- Have regular medical checkups. If you are diabetic or know someone who is, call a health professional if signs of low blood sugar last more than 15 minutes
SIGNS of LOW BLOOD SUGAR
- Confusion, irritability
- Slurred speech
- Fatigue, weakness
- Extreme hunger
- Rapid heartbeat
- Blurry vision
- Dizziness, headache.
How to Prevent Diabetes
Pre-diabetes is a serious medical condition that can be treated. Diabetes Prevention studies conclusively showed that people with pre-diabetes can prevent the development of type 2 diabetes by making changes in their diet and increasing their level of physical activity. They may even be able to return their blood glucose levels to the normal range.
While studies also showed that some medications may delay the development of diabetes, diet and exercise worked better. Just 30 minutes a day of moderate physical activity, coupled with a 5-10% reduction in body weight, produced a 58% reduction in diabetes.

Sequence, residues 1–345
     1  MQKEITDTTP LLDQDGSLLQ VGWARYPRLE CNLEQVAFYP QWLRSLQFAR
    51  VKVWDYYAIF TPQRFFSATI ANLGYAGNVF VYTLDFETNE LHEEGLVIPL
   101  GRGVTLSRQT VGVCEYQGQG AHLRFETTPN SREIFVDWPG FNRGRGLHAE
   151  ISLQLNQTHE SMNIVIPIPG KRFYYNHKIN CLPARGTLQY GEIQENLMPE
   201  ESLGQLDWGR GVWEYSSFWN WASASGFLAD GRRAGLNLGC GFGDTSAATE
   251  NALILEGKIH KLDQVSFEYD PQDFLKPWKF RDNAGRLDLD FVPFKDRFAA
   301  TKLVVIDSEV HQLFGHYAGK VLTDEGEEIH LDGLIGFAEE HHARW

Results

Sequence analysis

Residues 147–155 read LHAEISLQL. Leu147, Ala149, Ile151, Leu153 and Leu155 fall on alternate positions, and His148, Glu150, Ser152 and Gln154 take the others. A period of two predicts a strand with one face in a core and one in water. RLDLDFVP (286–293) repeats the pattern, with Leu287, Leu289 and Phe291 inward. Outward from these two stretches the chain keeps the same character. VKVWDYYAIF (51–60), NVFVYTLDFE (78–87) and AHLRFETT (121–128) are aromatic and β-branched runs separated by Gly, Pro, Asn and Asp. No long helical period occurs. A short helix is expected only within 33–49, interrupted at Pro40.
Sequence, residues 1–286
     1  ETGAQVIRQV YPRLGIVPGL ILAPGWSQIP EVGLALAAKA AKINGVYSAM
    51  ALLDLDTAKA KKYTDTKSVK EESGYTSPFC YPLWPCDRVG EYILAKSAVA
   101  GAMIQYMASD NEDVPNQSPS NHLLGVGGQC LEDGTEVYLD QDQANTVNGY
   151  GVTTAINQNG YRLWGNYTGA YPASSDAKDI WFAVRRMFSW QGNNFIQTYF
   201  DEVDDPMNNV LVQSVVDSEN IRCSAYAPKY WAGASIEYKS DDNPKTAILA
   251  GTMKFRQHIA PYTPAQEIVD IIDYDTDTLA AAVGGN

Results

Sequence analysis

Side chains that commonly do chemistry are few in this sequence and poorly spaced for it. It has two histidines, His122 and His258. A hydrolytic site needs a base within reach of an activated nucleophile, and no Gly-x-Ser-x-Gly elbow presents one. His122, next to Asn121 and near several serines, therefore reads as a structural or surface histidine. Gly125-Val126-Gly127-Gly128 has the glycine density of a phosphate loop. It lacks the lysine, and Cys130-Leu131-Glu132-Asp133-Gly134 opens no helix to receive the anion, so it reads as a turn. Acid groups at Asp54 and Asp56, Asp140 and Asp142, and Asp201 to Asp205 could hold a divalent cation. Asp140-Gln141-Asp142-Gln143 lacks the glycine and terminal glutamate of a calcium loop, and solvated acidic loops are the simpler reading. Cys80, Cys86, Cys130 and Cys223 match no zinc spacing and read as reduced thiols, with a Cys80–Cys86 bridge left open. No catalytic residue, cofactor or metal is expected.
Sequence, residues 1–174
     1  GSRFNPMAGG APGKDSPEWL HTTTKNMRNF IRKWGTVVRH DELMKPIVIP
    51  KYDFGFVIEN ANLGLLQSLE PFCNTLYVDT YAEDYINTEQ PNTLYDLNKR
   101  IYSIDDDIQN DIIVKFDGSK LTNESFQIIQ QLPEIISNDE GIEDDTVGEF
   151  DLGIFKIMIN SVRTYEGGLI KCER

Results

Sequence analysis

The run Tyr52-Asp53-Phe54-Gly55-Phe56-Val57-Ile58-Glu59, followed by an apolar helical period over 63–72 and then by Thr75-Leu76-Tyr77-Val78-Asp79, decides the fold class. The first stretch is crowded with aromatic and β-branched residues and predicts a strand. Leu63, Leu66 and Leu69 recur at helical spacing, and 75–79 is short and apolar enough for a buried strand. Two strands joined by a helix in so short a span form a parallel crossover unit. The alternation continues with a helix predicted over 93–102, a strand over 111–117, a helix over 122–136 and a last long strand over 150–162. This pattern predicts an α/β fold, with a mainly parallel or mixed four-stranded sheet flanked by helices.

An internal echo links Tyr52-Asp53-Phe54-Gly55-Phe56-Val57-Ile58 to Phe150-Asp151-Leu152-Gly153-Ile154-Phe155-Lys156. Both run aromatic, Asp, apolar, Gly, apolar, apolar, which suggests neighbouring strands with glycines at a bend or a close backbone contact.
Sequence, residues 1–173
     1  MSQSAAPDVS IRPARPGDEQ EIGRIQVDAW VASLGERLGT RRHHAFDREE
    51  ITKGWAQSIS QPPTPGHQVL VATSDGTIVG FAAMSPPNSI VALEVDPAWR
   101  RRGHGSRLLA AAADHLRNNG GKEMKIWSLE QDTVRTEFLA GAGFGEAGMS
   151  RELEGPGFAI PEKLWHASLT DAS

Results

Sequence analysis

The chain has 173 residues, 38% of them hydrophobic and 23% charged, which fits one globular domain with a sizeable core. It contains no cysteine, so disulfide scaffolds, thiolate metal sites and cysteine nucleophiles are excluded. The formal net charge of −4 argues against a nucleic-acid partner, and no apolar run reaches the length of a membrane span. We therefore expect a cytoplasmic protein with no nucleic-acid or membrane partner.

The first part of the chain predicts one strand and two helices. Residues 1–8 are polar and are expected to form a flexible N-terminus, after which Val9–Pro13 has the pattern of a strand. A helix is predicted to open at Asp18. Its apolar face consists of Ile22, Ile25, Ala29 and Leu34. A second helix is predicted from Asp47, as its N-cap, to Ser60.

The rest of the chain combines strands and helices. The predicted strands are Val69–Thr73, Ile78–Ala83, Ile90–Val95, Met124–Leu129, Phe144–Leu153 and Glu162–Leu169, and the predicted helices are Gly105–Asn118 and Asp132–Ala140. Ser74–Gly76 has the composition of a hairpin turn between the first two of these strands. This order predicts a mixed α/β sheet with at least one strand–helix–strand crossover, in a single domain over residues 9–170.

Diabetes and Diet
How Does Diabetes Affect Diet?
Normally, the body produces a hormone called insulin. With diabetes, the ability to make or utilize insulin is impaired. Without insulin, the body can't properly use glucose, the simple sugar the body produces from the food we eat. Insulin is the key that unlocks cells and lets the glucose enter, thus providing energy for critical cell metabolism.
The regulation of blood sugar in the non-diabetic is automatic, adjusting to whatever foods are eaten. For the diabetic, however, extra care must be taken to balance food intake (and the resultant impact on blood sugar levels) with insulin injections, exercise and any other glucose altering activity.
Type 1 or Type 2 Diabetes?